5.0 out of 5 stars A masterpiece
Ondaatje is a master of subtlety, of the ambiguity of life, of the grey that washes extreme situations. He is at his best in Anil's Ghost.
The story itself is a simple one: a woman (Anil) searches for the identity of a skeleton she finds when on an international human rights mission in war ravaged Sri Lanka. But as with most stories Ondaatje tells, simplicity...
Published 14 months ago by Lorina Stephens
3.0 out of 5 stars Beautiful, yet detached.
Michael Ondaatje is a special author. He gives us the opportunity to explore ideas and places that few modern authors are capable of. Anil's Ghost is a collage of images reflecting pain, joy and quite often dispair and hopelessness. However, this is not a novel for every reader.
Ondaatje presents the reader with an unlikely collection of characters each of...
Published 15 months ago by J Roche
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5.0 out of 5 stars A masterpiece,
This review is from: Anil's Ghost (Paperback)Ondaatje is a master of subtlety, of the ambiguity of life, of the grey that washes extreme situations. He is at his best in Anil's Ghost.
The story itself is a simple one: a woman (Anil) searches for the identity of a skeleton she finds when on an international human rights mission in war ravaged Sri Lanka. But as with most stories Ondaatje tells, simplicity becomes weighted with the emotional enganglements of both political and personal history. There is a conversation beneath the dialogue, a narrative never told but eloquent in its silence.
In some ways, I was reminded of Geoff Ryman's The King's Last Song. There is that same sense of a country unable to celebrate its vibrant history, left only with silent screams of those slaughtered on the altar of political expedience, and their ghosts. There is an eeriness in the environment Ondaatje creates.
Deserving of it accolades, Anil's Ghost is a masterpiece.
3.0 out of 5 stars Beautiful, yet detached.,
This review is from: Anil's Ghost (Paperback)Michael Ondaatje is a special author. He gives us the opportunity to explore ideas and places that few modern authors are capable of. Anil's Ghost is a collage of images reflecting pain, joy and quite often dispair and hopelessness. However, this is not a novel for every reader.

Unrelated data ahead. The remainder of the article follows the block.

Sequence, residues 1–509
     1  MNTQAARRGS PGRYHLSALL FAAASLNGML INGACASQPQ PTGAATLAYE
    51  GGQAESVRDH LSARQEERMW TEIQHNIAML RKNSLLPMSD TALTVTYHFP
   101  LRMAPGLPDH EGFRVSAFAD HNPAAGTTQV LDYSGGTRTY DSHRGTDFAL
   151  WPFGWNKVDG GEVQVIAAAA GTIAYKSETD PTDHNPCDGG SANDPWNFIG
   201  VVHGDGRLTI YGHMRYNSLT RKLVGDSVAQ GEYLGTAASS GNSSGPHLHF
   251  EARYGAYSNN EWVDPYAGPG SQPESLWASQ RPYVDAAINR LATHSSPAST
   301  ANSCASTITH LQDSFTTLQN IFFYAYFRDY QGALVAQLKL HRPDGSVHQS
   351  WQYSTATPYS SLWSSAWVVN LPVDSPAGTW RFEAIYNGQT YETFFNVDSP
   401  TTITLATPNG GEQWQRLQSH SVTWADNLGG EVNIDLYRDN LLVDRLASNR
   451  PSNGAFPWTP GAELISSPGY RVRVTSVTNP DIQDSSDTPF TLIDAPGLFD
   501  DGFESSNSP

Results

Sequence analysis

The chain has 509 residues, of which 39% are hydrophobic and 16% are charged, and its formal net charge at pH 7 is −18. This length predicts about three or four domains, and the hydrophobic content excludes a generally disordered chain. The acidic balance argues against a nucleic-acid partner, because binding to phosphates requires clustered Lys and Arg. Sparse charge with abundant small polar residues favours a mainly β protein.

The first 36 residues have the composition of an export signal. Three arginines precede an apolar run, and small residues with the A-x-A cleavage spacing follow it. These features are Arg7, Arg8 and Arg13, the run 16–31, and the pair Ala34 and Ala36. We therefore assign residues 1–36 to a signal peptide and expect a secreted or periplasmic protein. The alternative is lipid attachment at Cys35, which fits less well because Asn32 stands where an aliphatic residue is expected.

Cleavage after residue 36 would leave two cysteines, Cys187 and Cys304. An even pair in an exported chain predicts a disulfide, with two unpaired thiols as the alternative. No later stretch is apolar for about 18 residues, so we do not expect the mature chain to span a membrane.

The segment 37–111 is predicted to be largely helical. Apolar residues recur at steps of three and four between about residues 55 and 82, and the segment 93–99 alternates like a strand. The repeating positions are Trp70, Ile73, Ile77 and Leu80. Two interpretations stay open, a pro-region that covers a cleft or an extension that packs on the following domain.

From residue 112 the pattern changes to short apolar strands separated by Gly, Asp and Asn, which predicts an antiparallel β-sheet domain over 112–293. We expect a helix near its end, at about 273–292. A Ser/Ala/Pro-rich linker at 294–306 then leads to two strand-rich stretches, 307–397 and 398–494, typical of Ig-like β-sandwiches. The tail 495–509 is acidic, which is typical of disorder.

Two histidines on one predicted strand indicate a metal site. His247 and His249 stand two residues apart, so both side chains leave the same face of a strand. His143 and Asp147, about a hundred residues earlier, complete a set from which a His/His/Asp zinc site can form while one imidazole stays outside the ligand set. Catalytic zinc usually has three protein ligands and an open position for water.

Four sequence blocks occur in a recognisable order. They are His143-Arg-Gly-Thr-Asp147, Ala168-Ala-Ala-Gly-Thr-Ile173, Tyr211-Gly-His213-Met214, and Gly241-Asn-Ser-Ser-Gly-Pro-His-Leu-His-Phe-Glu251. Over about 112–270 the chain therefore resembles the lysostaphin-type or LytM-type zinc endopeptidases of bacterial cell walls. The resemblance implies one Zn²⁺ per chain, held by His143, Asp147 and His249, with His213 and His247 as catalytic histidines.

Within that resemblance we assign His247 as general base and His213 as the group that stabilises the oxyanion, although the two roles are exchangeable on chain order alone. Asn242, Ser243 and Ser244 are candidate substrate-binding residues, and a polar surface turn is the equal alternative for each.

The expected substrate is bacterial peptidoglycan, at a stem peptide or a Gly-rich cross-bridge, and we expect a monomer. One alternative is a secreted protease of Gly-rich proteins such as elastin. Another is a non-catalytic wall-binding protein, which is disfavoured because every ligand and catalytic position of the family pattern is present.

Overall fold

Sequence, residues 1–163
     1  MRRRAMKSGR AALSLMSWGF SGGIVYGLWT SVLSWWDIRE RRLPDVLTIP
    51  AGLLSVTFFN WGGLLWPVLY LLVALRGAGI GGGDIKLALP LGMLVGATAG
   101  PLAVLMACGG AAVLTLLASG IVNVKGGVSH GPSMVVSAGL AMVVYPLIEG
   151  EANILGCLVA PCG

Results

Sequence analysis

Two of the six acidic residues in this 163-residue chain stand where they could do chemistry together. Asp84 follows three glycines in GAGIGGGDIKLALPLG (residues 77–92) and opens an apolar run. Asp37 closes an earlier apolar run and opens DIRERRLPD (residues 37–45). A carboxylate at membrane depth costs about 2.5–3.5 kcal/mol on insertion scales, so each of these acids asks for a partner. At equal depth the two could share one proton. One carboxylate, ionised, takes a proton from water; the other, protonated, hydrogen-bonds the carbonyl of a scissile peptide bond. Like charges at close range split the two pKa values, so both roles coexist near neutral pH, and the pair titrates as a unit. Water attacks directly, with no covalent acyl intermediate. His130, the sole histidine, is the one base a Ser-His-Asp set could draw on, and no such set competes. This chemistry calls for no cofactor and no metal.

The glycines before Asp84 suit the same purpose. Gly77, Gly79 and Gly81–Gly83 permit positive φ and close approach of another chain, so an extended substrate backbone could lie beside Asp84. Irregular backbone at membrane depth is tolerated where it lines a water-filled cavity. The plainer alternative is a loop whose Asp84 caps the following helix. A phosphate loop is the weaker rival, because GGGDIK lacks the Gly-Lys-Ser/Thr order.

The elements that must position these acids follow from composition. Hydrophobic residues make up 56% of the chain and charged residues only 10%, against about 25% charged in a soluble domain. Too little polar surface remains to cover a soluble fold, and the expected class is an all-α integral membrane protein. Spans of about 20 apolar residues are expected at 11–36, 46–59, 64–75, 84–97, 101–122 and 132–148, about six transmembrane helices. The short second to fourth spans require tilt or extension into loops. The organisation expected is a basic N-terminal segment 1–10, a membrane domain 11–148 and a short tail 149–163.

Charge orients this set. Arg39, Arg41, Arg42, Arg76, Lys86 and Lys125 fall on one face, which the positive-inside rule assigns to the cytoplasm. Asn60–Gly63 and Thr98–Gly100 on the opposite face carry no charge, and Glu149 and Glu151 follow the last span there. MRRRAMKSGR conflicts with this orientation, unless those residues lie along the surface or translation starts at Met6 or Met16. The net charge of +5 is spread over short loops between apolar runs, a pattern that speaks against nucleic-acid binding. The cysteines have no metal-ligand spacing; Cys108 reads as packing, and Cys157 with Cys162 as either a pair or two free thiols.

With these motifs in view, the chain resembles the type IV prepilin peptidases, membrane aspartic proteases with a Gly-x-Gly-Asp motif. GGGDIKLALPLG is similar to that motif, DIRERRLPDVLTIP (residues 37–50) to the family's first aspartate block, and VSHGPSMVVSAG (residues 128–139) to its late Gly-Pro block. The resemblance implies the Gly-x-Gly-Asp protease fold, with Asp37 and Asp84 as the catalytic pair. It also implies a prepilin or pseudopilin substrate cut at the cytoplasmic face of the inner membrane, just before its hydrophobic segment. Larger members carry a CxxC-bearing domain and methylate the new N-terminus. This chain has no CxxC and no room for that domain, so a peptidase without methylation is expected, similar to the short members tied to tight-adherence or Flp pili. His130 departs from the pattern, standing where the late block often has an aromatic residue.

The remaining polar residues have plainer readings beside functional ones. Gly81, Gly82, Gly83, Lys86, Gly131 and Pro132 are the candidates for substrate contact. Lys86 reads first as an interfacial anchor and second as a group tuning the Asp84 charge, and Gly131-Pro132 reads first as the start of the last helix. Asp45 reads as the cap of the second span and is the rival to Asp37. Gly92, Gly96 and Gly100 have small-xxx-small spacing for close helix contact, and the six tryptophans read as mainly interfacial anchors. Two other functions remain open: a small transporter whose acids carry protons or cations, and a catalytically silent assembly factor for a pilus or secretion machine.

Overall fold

Ondaatje presents the reader with an unlikely collection of characters each of Sri Lankan origin and carrying their own unique baggage and pain. The story is set against the backdrop of the Sri Lankan civil war and incorporates a romanticised picture of ancient Sri Lankan history. It is history that Ondaatje has used to tie this entire story together. Each character's past is revealed to illustrate how they became who they are at the point the story takes place.
This is purely a character based novel. Ondaatje makes no effort to explain or justify the war. It is only presented as the setting. We only see it in so much as it effects the main characters directly. As I read this novel I was capitivated by it's optimistic tone regardless of the misery that impacted and surrounded these people. Each of them maintained a beauty of character.
That said, I felt left out as the reader. Much of this novel was like looking at a painting. Beautiful and moving but static and easy to walk away from. I was never drawn into any of the characters and at no point did I really empathize with any of them either. It's for this reason that I don't think this book is for everyone.
If what I've said has made you curious by all means read Anil's Ghost. But don't grab it on a whim, you're likely to be disappointed.
4.0 out of 5 stars Specters and Secrets,
4.0 out of 5 stars The real Sri Lanka,
This review is from: Anil's Ghost (Hardcover)This book is Michael Ondaatje's portrayal of passion for his native Sri Lanka. It is a brilliant maze of ethnic war, archaeology, forensic science, Buddhist art and culture, all woven into the story of Anil Tissera. A young forensic pathologist who shares her cultural and filial ties with Sri Lanka but not its' political and social affirmations. Ondaatje cleverly spins the web of a war that devours its people, and drives Anil into a deep dark pit of ethno-political uncertainty.
Anil's only aim is to use her forensic skills to prove a silent killing. While she digs for the truth, she discovers her cultural and nationalistic roots. Sarath Diyasena the archaeologist, seeking the same truth through the eyes of the historical past and his brother Gamini, the doctor, the voice of reality, who dissolves history and science for a more gory blood-stained truth. The thread that links them is the passion for their profession. This driving passion is their survival in an unworkable system.
In his poetic genius, Ondaatje describes modern day Sri Lanka as it is. A must read.
4.0 out of 5 stars An eye-opening novel,
This review is from: Anil's Ghost (Hardcover)Michael Ondaatje, author of The English Patient, takes us to Sri Lanka in his work, Anil's Ghost, where his languid, luscious prose allows us to feel the horrors of civil war. Anil Tissera, a forensic anthropologist sent by an international human rights organization, returns to her island homeland to help locate the source of terrorism and mass murders. Anil finds her life entwining with the lives of two brothers. Gamini, sickly with diphtheria as a child, who becomes a medical doctor and Sarath, the elder sibling, who steers away from his father's law firm, and learns archaelology. The brothers seem to symbolize a country caught up in strife.
Sarath studies under the famous archaeologist, Palipana, whose work is discredited when no evidence can be found of the ancient texts he used in his own publications. The narrator suggests that "...perhaps for him [Palipana], it was not a false step but the step to another reality, the last stage of a long, truthful dance" (p. 81). "In the last few years he had found the hidden histories, intentionally lost, that altered the perspective and knowledge of earlier times. It was how one hid or wrote the truth when it was necessary to lie" (p. 105). Palipana's work becomes a metaphor for the chaos and confusion of Sri Lanka's intense and protracted internal struggle.